[VIDEO LESSON] Uncover the Mystery behind the 12 Bar Blues or the Blues Shuffle Rhythm on Guitar in the Key of G

The 12 Bar Blues Progression (or also known as the Blues Shuffle Rhythm) is the most commonly used chord progression in blues genre.

In this video lesson, the tutor (from the prestigious Berklee School) uses the Key of G or the G Major Scale to play the bass line of the songwhich is nothing but the typical blues progression,

The chords used in the 12 Bar Blues Chord Progression are made up of the 1st, 4th and 5th degrees (or notes) of the given scale (in this case the Key of G).

They are popularly denoted as I-IV-V by Blues musicians and are theoretically, the Tonic, Sub-Dominant and Dominant chords of a Diatonic Scale – if you are familiar with the music theory.

12 Bar Blues Chord Progression – Explained!

The blues shuffle rhythm or the SWING rhythm or the 12 bar blues is divided into 12 bars using the I-IV-V chords of the corresponding scale (in this case the Key of G)

The progression is as follows and is played in such a way that it gives that SWING feel to the listener. So for each bar the chord is strummed in in 1-And-2-And fashion instead of that plain 1-2-3-4 kind of strumming pattern.

So here is the chord progression,

I-I-I-I (The first chord or G7 is strummed for 4 bars)

IV-IV-I-I (the fourth chord or C7 for 2 bars and again the 1st chord for 2 bars)

V-IV-I-V (5th Chord or D7 for 1 bar, 4th chord for 1 bar, 1st chord for one bar and again the 5th chord for 1 bar and back and repeat from the beginning)

Count all the bars together and it is 12, that’s why it is called the 12 bar blues.

Or I can elaborate this progression in an easier fashion,

G7 / / / | G7 / / / | G7 / / / | G7 / / / | the first 4 bars

C7 / / / | C7 / / / | G7 / / / | G7 / / / | the second 4 bars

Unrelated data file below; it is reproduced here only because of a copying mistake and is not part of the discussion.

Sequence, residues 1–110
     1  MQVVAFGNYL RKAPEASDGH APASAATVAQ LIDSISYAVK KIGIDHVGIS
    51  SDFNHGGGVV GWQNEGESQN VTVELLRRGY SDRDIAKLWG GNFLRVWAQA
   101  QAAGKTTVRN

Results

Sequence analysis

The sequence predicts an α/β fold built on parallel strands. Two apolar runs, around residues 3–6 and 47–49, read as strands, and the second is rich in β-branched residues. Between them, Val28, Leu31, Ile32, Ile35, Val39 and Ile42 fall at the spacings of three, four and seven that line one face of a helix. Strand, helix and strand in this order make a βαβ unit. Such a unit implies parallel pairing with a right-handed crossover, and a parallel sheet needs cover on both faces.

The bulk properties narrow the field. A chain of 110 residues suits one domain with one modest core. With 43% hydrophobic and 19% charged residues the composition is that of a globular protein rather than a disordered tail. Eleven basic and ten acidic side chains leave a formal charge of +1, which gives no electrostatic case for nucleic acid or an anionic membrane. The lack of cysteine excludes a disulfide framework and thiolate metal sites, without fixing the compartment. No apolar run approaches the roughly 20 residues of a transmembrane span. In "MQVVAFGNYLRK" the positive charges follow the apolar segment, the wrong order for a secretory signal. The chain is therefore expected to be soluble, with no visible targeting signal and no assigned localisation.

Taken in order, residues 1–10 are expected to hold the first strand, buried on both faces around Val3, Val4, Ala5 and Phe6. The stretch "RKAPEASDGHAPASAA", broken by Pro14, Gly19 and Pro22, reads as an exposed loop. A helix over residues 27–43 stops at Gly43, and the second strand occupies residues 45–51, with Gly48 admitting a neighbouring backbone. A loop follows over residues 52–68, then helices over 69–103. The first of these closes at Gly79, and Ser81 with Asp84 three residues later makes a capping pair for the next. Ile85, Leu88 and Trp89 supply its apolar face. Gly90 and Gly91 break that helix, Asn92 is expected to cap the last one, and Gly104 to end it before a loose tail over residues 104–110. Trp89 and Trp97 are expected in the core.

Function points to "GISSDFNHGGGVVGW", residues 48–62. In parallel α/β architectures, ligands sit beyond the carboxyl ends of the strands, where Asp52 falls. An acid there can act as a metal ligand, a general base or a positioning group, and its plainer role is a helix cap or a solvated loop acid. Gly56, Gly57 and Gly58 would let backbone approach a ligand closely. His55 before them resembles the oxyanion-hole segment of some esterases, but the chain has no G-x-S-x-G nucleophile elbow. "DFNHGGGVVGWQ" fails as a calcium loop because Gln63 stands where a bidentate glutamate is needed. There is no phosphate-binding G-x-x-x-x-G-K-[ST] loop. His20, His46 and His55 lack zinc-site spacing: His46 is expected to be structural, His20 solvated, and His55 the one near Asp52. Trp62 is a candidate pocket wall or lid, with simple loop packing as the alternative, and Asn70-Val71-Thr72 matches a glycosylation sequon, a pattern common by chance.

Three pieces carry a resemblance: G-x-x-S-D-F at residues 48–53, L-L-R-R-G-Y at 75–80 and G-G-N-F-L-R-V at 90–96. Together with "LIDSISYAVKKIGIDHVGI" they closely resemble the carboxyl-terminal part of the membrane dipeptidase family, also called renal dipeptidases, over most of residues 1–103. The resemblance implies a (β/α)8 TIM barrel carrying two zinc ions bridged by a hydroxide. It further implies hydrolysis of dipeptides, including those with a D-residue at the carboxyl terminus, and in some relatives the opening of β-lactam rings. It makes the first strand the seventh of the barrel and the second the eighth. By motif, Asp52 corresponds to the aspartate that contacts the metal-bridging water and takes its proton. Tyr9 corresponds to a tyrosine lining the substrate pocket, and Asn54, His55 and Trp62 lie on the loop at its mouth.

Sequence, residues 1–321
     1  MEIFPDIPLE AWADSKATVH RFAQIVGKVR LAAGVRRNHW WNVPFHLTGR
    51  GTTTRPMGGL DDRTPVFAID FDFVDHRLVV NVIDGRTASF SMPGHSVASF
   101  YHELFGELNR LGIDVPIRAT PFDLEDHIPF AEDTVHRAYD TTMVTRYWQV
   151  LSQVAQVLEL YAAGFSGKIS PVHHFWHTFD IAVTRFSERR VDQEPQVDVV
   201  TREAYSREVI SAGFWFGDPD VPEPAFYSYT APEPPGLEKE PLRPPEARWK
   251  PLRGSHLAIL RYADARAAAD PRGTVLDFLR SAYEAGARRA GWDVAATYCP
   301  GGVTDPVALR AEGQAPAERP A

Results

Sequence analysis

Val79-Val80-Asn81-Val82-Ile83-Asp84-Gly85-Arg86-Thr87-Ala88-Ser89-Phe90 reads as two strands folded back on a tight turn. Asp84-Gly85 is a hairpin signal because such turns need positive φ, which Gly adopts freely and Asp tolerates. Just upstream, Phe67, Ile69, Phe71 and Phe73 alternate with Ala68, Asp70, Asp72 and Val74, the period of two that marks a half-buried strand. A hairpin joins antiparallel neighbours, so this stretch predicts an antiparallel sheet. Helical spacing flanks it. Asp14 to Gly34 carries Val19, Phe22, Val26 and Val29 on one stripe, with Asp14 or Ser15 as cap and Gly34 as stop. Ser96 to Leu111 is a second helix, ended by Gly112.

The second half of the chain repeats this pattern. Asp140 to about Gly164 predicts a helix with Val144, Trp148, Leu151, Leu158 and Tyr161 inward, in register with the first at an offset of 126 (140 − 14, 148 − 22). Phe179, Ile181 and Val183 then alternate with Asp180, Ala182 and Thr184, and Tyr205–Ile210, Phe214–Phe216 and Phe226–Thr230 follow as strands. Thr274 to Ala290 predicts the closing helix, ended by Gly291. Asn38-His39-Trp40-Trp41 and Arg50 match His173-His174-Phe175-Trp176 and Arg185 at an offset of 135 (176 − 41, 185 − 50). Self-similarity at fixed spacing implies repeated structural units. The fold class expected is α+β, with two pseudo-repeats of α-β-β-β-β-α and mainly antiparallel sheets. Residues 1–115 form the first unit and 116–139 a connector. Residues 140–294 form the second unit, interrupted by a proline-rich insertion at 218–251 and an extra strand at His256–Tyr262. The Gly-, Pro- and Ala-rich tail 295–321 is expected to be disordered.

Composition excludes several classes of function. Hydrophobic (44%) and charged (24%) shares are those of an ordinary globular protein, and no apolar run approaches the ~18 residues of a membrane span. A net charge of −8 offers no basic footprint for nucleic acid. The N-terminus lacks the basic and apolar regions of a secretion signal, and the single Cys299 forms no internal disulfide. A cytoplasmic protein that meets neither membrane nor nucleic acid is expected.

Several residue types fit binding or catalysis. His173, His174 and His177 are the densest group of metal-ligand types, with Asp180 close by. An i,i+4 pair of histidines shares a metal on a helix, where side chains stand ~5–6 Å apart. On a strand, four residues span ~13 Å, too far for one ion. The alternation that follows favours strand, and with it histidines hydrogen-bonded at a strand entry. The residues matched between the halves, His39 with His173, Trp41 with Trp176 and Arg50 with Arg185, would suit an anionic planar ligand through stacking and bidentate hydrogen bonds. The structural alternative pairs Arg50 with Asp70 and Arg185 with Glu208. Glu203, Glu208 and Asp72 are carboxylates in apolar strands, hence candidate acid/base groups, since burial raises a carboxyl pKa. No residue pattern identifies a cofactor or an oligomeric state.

D7 / / / | C7 / / / | G7 / / / | D7 / / / | the third 4 bars

Doesn’t it all add up to 12 bars?

How to get that signature ‘bluesy’ feel to your 12 Bar Blues chord progression?

The chords that are generally played in a 12 Bar Blues Progression are the Dominant 7th chords, for bringing out that Bluesy sound, but you can use Minor or Major chords also, which is entirely up to you, but, if you love that bluesy feel, 7th chords are the way to go.

So let’s first derive G Major Scale by applying the Major Scale formula – W-W-H-W-W-W-H

Here are the notes of the G Major scale – along with the Tab.

G Major Scale on Guitar

NOTE: But In this video lesson, the tutor is playing out the notes of scales built from the 1st, 4th and 5th degrees of the Key of G Major, instead of strumming the chords (G7, C7, and D7).

Read on to know how you can derive the other two scales required for this video lesson…

The other scales that you need to learn in order to fully understand this lesson are C Major Scale and D Major Scale – that corresponds to the 4th and 5th scale degrees(or notes) of the G Major Scale.

By applying the Major Scale formula we can easily derive the corresponding scales for the 4th and 5th degrees of Key of G Major. And they are,

  • C Major Scale whose notes are C-D-E-F-G-A-B-C AND
  • The D Major Scale has 2 sharps (F# and C#) and whose notes are D E F# G A B C#

The scales along with the TABS are as follows,

C Major Scale Guitar

D Major Scale on Guitar


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